For about 15 years in the 1990s and early 2000s General Motors used Bob Segar’s song, “Like A Rock” in their truck ads. Of course, they wanted to convey the idea that their trucks are strong and reliable. I’ve never owned one, so I don’t know if the image is appropriate or not. What I do know is that Jesus used the stability of a rock two millennium beforehand to speak of the faithful child of God.
Near the end of Jesus’ discourse commonly called the sermon on the mount, He made a contrast between those who do His will and those who merely hear it. He could simply have said the first is wise and the latter is foolish (which He did do), but to help illustrate and to make the teaching memorable, He employed a parable about two builders. His teaching is not complex, in fact, Matthew 7:24-27 has been fashioned into a simple children’s song. My first introduction to this text, as yours may also have been, was that song.
Two recurring themes in the sermon on the mount are the need for us to have good works and to respond favourably to the word of God. Much of Matthew 5 is used to combat the misuse of the Law by the religious leaders. Matthew 6 reveals that we must set aside our worries and trust the Lord, seeking His kingdom and righteousness. Matthew 7 begins with the need for us to handle God’s word in a responsible way.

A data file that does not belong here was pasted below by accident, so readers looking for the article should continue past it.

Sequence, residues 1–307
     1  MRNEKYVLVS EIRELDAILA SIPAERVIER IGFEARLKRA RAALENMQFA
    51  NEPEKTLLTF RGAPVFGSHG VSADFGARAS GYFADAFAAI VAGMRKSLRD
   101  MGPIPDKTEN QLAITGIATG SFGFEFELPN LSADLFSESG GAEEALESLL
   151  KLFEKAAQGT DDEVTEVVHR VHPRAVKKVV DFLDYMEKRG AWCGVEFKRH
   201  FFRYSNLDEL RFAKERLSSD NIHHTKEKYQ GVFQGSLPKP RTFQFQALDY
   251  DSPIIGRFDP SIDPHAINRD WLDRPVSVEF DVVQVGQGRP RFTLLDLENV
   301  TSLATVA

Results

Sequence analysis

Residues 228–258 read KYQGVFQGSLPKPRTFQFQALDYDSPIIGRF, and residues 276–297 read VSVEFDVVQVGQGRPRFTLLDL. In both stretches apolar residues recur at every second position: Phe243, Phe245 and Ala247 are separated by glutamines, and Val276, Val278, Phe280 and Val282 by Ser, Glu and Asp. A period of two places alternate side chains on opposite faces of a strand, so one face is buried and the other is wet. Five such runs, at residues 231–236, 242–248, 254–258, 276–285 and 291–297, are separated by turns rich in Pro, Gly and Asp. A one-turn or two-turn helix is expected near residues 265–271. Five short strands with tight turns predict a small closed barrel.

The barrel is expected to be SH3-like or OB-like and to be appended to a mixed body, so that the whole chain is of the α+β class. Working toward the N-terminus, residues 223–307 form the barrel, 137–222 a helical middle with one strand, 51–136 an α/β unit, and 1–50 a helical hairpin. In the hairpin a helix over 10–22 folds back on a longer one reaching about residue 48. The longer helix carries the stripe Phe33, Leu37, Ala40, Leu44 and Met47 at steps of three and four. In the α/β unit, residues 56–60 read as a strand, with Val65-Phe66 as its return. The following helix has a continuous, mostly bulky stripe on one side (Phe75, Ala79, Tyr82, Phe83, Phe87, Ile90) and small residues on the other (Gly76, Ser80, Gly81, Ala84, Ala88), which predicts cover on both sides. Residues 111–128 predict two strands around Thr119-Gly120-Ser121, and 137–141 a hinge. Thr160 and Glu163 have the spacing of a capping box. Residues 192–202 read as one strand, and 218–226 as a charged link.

In the middle of Matthew 7, the Lord tells us three things about our pursuit of a heavenly home.
- The way to heaven is narrow (7:13-14);
- Some teach a way contrary to the Lord’s (7:15-20), and
- We will have no hope of heaven if we do not do God’s will (7:21-23).
With this backdrop, Jesus speaks plainly of the two possible responses to His word, those who hear and do, and those who hear and do not do.
The Wise Man
To hear and do the will of God is wise. Jesus pictures such a person as one who chooses to build his house on the rock. This is not a pebble or a small stone (Gr. petros), but a mass of rock, bedrock (Gr. petra). The same word is used of Jesus (1 Corinthians 10:4) and the confession of Him as the Christ (Matthew 16:16, 18).
A house build on bedrock is secure. Its foundation will not be swept away by a flood of water, nor will it be easily shaken by the wind. So it is with those who have placed their confidence in Christ, and demonstrate such through obedience to the word of God.
The Foolish Man
To hear and not do the will of God is foolish. Jesus pictures such a person as one who chooses to build his house on the sand. This house is not even built on the petros (pebbles), but on ammos, sand as on the beach.
Beaches are great for early morning walks, hunting for seashells and building sand castles, but it is not a good place to build a house. Sand is not a good foundation. Have you ever heard someone speak of something being “set in sand”? Things that are set in sand are swept away. A house built on the sand will not stand. Likewise, the one who claims confidence in Christ but does not show it by faithful obedience to the word of God stand. Jesus said of the house “…great was its fall.” Of how much greater magnitude is the fall of a soul due to neglect of God’s word.
The children’s song based on this text tells us to build our lives on the Lord Jesus Christ. It associates the blessings of God with our fervent prayers. Friend, let us live and pray as we should—if we do as we should, we can certainly have confidence that God will do as He has promised.